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The Forgotten Smugglers' Cave: Index of Posts

An index of posts describing the Forgotten Smugglers' Cave, an adventure for Holmes Basic characters levels 2-4.                    ...

Sunday, January 12, 2014

Part 17: "Highest Dexterity Strikes First"

Part 17 of a comparison of Holmes' manuscript with the published Basic Set rulebook. Turn to page 20-21 of your 'Blue Book' and follow along... 


This is the section where Holmes presents the famous dexterity-based initiative rules. In this section the manuscript is identical to the published version, except for at the end where TSR adds: "If combat is broken off, the fleeing party must accept an attack without any return on his part, the attacker adding +2 to his die roll for hit probability, and the armor class of the fleeing party can not include a shield". In the published rulebook this information is completely redundant with the second sentence of the section "Melee Resolution".

Using dexterity to determine the order of actions has its ultimate origins OD&D Vol 1: "Dexterity ... will indicate the character's missile ability and speed with actions such as firing first, getting off a spell, etc" (pg 11, Vol 1). The original rulebooks don't explain initiative any further (there is a complicated optional system presented in Eldritch Wizardry), so you can understand why Holmes went with the only statement in the original rules that spoke to it.

Thus, Holmes included an updated version of LBB sentence in the section on Dexterity: "Characters with high dexterity can get off the first arrow, throw the first spell or draw a weapon and strike the first blow" (pg 5 of the published rulebook). Note the addition of melee attacks to the list of actions. Other games using dexterity in combat that predate Holmes Basic include Warlock, a 1975 non-TSR OD&D Supplement, and the Metamorphosis Alpha RPG by TSR (1976).  

In Dragon #52, while reviewing the new Moldvay Basic Set, Holmes wrote: "The new rules introduce surprise and initiative die rolls into the combat situation. I had merely had the creature with the highest dexterity strike first. The initiative roll makes combat a good deal more chancy, and I’m not sure I like it. I will not object, to it on the basis of its being less “realistic,” however!"


This paragraph is unchanged between the manuscript and the rulebook. This means the inclusion of these parry rules, unusual for D&D, was due to Holmes. However, it's pretty clear that Holmes derived these rules from the parry rules in Chainmail, particularly these two sentences: "...the defender may parry the blow by subtracting 2 from the attacker's roll, but he has no counter blow ... If the attacker equals the original requirement for a kill the higher weapon breaks the defender's weapon" (pg 25-26). This is in the same section, "Man-to-Man Combat", that I believe led to Holmes decision to have two attacks per round in combat (see Part 16). I'm left with the overall impression of Holmes taking a serious look at Chainmail Man-to-Man Combat in order to understand how it could be used with D&D.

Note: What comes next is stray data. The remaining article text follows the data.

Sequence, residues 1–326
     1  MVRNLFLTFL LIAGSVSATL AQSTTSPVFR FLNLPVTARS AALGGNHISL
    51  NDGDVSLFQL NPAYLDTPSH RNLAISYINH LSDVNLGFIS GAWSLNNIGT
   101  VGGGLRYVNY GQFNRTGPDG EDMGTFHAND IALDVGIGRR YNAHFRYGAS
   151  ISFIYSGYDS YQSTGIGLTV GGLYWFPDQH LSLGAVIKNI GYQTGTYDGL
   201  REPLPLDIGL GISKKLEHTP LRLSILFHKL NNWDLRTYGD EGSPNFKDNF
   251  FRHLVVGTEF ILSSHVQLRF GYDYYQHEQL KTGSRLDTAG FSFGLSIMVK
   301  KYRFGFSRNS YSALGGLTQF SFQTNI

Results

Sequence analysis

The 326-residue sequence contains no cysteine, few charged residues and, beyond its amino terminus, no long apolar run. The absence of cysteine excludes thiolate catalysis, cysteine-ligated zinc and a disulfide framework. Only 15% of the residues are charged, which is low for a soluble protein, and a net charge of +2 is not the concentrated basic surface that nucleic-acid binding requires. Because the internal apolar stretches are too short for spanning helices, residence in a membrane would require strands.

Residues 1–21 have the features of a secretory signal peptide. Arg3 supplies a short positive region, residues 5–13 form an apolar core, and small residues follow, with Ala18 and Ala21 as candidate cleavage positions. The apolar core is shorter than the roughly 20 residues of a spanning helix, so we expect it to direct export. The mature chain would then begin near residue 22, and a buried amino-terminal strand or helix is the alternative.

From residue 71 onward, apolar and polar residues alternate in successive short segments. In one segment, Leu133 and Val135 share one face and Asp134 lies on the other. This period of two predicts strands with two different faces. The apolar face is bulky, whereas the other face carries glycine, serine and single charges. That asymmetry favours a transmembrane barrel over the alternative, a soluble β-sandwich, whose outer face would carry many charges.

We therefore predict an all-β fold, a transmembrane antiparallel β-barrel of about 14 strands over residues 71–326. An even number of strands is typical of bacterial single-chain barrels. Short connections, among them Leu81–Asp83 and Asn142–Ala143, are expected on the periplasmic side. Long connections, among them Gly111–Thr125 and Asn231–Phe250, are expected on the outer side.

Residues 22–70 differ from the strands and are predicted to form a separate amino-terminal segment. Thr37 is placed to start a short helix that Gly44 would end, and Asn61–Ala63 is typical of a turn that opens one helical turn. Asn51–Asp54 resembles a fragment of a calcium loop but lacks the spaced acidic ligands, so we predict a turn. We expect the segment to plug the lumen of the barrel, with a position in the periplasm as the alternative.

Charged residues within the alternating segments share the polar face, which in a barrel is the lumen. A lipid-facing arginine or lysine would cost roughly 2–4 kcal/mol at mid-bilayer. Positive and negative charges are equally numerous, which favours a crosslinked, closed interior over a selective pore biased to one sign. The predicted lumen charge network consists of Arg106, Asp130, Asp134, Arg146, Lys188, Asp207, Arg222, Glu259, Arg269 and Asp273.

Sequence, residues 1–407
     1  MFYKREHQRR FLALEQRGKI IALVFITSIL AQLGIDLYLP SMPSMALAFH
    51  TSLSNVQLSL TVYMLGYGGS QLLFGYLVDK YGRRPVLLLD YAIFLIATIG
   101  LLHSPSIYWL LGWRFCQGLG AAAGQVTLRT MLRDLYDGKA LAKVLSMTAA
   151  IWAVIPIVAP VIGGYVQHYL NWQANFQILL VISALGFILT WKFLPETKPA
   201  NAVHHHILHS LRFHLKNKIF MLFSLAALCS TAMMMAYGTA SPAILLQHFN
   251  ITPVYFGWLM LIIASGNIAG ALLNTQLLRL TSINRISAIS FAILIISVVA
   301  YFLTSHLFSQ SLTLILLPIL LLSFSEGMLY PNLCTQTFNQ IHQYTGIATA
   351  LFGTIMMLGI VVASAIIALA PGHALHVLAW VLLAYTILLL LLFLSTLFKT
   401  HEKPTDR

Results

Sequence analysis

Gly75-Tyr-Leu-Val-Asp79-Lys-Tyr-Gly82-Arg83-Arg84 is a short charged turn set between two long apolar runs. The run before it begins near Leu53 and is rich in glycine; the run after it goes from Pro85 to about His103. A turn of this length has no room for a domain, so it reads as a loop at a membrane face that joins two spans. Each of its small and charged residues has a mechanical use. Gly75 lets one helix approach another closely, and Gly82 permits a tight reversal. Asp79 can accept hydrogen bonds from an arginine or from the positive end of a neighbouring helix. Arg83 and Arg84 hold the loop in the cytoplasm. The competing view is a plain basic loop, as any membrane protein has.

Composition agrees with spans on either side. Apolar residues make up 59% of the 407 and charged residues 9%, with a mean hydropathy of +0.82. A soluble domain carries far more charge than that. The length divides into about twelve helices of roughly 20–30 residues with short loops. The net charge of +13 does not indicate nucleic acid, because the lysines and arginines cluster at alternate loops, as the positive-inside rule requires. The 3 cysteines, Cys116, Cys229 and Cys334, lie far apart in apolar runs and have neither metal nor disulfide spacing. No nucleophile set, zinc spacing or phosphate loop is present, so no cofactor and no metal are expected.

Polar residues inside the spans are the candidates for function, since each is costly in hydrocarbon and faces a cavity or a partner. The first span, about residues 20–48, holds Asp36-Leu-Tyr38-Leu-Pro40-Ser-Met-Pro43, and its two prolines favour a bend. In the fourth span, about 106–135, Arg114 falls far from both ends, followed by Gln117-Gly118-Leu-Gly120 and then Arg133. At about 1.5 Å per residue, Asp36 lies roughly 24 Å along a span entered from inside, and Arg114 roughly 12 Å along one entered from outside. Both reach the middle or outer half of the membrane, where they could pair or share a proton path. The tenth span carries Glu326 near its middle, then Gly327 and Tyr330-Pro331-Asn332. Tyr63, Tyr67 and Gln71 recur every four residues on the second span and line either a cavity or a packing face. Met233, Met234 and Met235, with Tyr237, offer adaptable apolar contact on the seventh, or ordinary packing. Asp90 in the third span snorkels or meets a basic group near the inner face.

Note that the "person parrying does not get his next hit", but with Holmes giving two attacks per round a character could potentially attack and parry in the same round.


I always loved the flavorful title of this section, and it's exactly the same in the manuscript. The only change to this paragraph is that the end of the second sentence in the published rulebook adds  "...and shields do not count as protection when withdrawing". So both references to shields not counting in AC when withdrawing were added by TSR. So this is another example of Gygax clarifying the OD&D rules via the Basic Set rulebook.

Next up - Melee Examples!

Continue on to Part 18: "Bruno Dies a Horrible Death" (Combat Examples)
Or Go Back to Part 16: "An Exchange of Two Blows with Ordinary Weapons" (Attacks Per Round)
Or Go Back to the Index: The Holmes Manuscript


  1. I'm enjoying your commentary as usual. One note about the parry rule: as Delta explained in this blog post, Chainmail uses 2d6 rolls to hit, so a -2 is much more statistically significant in that game than it is when applied a d20 roll in D&D combat. He suggested doubling all modifiers taken from Chainmail, instead of directly porting them into D&D.

    Based on that, as a house rule in the Holmes game I ran this weekend, I took Delta's suggestion and doubled the parry modifier to a -4. The players did take advantage of it, and I saw several parries during the session.

  2. Great work, Zach---I'm really enjoying this series of articles! :D


  3. Another great article showing why Holmes Ed. really differed!